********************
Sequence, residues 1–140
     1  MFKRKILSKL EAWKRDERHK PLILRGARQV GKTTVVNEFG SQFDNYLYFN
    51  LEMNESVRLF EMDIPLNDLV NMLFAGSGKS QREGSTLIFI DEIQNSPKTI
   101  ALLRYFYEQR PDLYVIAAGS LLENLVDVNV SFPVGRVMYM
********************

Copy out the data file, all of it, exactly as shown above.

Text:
Sequence, residues 1–140
     1  MFKRKILSKL EAWKRDERHK PLILRGARQV GKTTVVNEFG SQFDNYLYFN
    51  LEMNESVRLF EMDIPLNDLV NMLFAGSGKS QREGSTLIFI DEIQNSPKTI
   101  ALLRYFYEQR PDLYVIAAGS LLENLVDVNV SFPVGRVMYM